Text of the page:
Yes, by standing there and taking it, he proved he is. So, by the way, did most of the rest of us.
His campaign says he welcomes the opportunity to tell the American people what he would do as president. It’s a quaint notion that is probably the reason he’s ahead in the polls.
My question is what Steve Scully and Kristen Welker are thinking this morning. Scully, the genial C-SPAN moderator, and Welker, the Weekend Today host, moderate the other debates. As I said, it’s an earned honor for both of them.
Will they insist on protection from Trump’s bombast? Do they think they can manage him? Could they threaten to withdraw or walk off if the situation isn’t different?
You have to wonder what kind of conversations are going on today at the debate commission and at the major news organizations.
4. Even that’s too many
The CNN post-debate poll showed that 60% of those watching the debate thought Biden won it, while 28% thought Trump did. A CBS poll was closer, 48% for Biden, 41% for Trump.
Why does it offend me that even 28% think what they saw last night was acceptable?
That’s more than one out of four. If you’re waiting in line at McDonald’s for a Big Mac and there are three people ahead of you, one of them sees no problem in berating the workers to move their butts and bring that burger.
These are the people who are perfectly fine with personally insulting Biden and trying to use his son’s battle with drug addiction against him. These are people cool with accepting the idea of violence if Trump doesn’t win.
Most galling to me: These are people OK with the idea that Trump doesn’t need to condemn white supremacists – perhaps because that’s what many of them are.
The people who support Trump are like enablers to an alcoholic. They feed his addiction for attention and deference without showing any respect in return. They could give a damn about their neighbors, except for the ones who look and sound like them.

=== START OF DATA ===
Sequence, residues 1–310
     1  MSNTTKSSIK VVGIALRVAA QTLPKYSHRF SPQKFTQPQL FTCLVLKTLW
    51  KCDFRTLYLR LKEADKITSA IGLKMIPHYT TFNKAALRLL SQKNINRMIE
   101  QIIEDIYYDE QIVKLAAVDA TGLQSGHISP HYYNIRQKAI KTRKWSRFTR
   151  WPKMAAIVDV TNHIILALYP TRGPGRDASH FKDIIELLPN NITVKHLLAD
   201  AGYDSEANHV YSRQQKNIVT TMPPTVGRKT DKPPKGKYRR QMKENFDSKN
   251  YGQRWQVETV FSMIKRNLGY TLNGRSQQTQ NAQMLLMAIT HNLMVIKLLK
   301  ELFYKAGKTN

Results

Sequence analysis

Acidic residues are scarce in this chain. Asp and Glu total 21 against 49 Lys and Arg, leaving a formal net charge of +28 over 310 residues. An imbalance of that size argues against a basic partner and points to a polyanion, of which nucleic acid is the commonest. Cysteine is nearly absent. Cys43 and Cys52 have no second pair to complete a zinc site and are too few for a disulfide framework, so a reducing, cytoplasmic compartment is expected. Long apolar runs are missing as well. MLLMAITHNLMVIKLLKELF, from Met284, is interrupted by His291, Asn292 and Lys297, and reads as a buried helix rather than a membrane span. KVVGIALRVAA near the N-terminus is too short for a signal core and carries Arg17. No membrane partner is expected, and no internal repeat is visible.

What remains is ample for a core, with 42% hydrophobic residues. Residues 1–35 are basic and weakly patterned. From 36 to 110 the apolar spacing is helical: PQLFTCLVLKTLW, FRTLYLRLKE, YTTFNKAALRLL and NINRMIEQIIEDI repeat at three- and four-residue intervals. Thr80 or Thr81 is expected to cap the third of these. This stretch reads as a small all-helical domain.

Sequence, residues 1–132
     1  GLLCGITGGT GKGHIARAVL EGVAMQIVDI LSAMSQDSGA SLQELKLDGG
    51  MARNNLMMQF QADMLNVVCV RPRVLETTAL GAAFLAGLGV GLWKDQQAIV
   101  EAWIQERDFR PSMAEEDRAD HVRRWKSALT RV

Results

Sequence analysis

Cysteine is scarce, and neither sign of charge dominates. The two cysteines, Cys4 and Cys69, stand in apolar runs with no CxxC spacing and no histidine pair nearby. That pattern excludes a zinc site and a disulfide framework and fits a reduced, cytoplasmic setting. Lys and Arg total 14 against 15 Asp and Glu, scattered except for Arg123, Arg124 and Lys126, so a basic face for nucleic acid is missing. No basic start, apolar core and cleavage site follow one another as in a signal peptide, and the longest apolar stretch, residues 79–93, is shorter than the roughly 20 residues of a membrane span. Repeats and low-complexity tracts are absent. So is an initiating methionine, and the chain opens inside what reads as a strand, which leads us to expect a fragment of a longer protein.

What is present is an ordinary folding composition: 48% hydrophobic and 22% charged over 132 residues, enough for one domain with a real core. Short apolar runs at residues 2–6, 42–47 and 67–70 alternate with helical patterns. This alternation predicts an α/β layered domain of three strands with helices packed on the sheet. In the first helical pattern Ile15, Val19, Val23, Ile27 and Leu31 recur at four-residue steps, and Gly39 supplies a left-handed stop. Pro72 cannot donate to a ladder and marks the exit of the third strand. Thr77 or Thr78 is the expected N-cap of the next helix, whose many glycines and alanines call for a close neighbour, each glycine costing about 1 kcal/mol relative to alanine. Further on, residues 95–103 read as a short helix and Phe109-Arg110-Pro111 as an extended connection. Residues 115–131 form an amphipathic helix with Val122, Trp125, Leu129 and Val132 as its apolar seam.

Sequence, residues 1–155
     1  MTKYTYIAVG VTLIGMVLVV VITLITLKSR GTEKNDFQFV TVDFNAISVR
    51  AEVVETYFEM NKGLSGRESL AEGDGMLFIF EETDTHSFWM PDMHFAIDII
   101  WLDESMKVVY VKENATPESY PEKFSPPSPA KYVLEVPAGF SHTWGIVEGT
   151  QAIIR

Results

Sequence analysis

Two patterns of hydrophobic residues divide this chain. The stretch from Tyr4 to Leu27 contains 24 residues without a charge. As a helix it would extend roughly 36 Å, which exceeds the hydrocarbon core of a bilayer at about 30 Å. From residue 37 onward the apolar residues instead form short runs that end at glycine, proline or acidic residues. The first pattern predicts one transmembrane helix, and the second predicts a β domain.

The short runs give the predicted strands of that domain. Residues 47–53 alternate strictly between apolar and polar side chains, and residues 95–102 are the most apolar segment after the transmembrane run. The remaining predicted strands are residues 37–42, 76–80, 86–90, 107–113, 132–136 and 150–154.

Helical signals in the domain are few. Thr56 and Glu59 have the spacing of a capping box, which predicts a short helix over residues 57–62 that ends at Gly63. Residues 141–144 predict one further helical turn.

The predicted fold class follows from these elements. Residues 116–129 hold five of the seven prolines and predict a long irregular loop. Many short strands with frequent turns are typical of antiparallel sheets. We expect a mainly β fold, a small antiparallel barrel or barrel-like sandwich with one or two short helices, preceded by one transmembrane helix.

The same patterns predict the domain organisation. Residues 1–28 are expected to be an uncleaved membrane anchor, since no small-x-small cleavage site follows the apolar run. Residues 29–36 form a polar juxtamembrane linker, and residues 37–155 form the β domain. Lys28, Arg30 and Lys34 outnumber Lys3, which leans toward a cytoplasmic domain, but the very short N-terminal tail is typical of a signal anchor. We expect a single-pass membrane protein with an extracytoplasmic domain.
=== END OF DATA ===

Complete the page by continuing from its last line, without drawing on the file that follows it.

I know. Biden would tell me that he plans to be president of all the people. Even the ones with the “Trump 2020 Fuck Your Feelings” T-shirt I saw getting takeout one night earlier this month.
He’s a better man than I am. These people seem like a big problem to me.
5. A long way down
In 1996, the vice presidential debate featured the incumbent, Al Gore, and the Republican challenger, former Rep. Jack Kemp.
Gore was four years away from losing the closest election in American history – when he would honorably protect democracy by ending his challenge once the Supreme Court issued its partisan ruling awarding the presidency to George W. Bush.
Kemp was a movement conservative, a former NFL quarterback who really believed in the free market philosophy and trickle-down economics.
There was pressure on Kemp to go negative. He and his running mate, Bob Dole, trailed President Bill Clinton and Gore in the polls, and the really partisan Republicans wanted blood from Gore (so to speak) to shake things up.
It didn’t happen that way.
Kemp didn’t flinch in stating his positions and attacking the policies of the Democratic administration. Gore defended himself and his president, explaining what the administration and what it wanted to do.
In the end, Gore was declared the winner of the debate in the polls.
Kemp, who died not that many years later, won that day, too.
I didn’t agree with any of his political positions. But I saw a man who put civility above discord. Nation above self-interest. He argued his points and when he was done, he kept quiet and let Gore make his. And vice versa.
It was, as the Baltimore Sun said, “gentlemanly.” It was edifying. If you were watching that debate trying to decide who to vote for, you got the best representation of each side you could possibly get.
It took 24 years for the Republican Party and Trump to degrade our democracy to what we saw last night. To an unlistenable grievance bearer who pandered to white supremacists and threatened not to accept the results of a democratic election.
Add Jack Kemp to the list of patriots who would have turned over in his grave if that were a thing.